Scoring your Credit - How's your FICO?
Since our world is so automated, you're probably not surprised to hear that your creditworthiness comes down to a single number.
The years of paying your various bills: your mortgage, vehicle payments, and credit card bills are analyzed, spindled and mutilated into a single indicator of whether you're likely to meet your future obligations.
Each of the three credit reporting agencies has its own formula for building your credit score. Fair Isaac and Cooriginally developed this score. .
While Experian still calls its score "FICO", TransUnion calls its score "Beacon" and Equifax uses "Empirica." While these methods vary from one agency to another, the differences aren't huge; they all use the following in calculating your score:
- Your Credit History - How long have you had credit?
- Payment History - Do you have any payments later than 30 days?
- Your Credit Card Balances - How many accounts? How much do you owe on your accounts?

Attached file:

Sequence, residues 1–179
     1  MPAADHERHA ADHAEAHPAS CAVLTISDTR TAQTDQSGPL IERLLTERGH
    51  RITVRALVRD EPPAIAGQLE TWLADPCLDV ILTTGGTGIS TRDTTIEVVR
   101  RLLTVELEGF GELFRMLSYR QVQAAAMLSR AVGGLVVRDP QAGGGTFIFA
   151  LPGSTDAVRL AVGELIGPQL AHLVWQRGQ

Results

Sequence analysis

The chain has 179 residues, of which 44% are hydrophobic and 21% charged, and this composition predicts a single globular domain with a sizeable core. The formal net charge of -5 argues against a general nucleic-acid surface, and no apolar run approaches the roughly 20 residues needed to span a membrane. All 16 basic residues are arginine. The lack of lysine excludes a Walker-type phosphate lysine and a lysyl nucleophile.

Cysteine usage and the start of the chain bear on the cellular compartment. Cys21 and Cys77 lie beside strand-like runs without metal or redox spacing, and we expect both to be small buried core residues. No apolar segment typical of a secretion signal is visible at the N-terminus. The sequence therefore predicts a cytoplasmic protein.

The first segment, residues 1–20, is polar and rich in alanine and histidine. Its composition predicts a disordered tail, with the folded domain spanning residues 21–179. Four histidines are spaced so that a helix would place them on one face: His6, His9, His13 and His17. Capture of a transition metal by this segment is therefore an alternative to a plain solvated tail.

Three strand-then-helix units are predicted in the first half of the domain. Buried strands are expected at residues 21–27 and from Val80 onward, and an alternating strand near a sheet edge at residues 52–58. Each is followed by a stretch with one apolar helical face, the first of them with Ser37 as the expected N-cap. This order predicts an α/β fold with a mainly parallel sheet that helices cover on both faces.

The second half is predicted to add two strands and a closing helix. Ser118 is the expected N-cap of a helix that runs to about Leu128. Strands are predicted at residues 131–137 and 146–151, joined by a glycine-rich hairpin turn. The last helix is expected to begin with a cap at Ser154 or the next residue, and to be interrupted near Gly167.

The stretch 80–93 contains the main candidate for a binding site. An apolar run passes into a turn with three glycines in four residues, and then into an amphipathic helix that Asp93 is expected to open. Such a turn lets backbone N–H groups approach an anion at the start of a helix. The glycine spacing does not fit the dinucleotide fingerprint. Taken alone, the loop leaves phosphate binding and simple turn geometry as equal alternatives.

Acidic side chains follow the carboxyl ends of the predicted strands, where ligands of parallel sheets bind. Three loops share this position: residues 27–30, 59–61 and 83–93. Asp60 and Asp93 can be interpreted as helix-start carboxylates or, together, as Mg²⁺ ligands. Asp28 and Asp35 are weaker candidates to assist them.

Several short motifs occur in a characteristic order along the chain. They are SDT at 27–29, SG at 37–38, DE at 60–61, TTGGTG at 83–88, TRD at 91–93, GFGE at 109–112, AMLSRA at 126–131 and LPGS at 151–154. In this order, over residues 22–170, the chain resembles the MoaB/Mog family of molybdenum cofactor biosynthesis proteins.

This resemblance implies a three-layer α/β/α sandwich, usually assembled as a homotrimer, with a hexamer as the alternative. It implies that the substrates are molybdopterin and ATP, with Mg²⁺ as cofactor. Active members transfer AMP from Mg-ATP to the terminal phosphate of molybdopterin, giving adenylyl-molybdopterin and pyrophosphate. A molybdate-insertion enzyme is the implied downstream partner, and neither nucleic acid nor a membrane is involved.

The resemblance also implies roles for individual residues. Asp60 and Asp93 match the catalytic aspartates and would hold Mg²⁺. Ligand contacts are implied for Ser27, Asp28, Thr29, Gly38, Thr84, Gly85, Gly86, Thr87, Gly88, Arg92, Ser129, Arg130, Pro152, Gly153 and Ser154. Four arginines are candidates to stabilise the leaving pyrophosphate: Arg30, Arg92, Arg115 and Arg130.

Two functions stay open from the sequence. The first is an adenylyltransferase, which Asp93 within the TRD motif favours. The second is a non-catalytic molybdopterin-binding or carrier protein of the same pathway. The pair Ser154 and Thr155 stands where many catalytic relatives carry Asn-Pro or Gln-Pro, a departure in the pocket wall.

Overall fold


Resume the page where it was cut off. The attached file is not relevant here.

- Credit Inquiries - How many times have lenders pulled your credit report for the purpose of lending you money?
Each of these factors is assigned a value and a weight. The result is a single number: your credit score. FICO scores range from 300 to 800. Higher is always better. Most home buyers probably find their credit scores above 620.
Your FICO score affects your interest rate
Did you know? FICO scores are used for more than just determining whether or not you qualify for a mortgage. Lenders give lower interest rates to individuals with higher scores.
Improving your score
What can you do to improve your FICO score? Unfortunately, not much. Because the FICO score is entirely based on a lifetime of credit history, it's hard to change it quickly. (Of course you must have incorrect items removed from your credit report.)
Know your FICO
In order to improve your score, you've got to obtain the reports that the agencies use to build it. Of course, you need the score as well. Fair Isaac, the company that invented the original FICO score, sells FICO scores on myFICO.com. For a reasonable fee, you can get your FICO from all three reporting agencies, along with your credit report. They also provide helpful information and tools that help you improve your credit score.
You can get a free credit report once per year from the three major credit reporting agencies when you visit AnnualCreditReport.com. While this report does not include a free credit score, the cost to "upgrade" your report to include a credit score is very reasonable.
Armed with this info, you'll be a more informed consumer and you'll be better positioned to get the most favorable mortgage.
Want to know more about your FICO score? Call us: (303) 228-2254.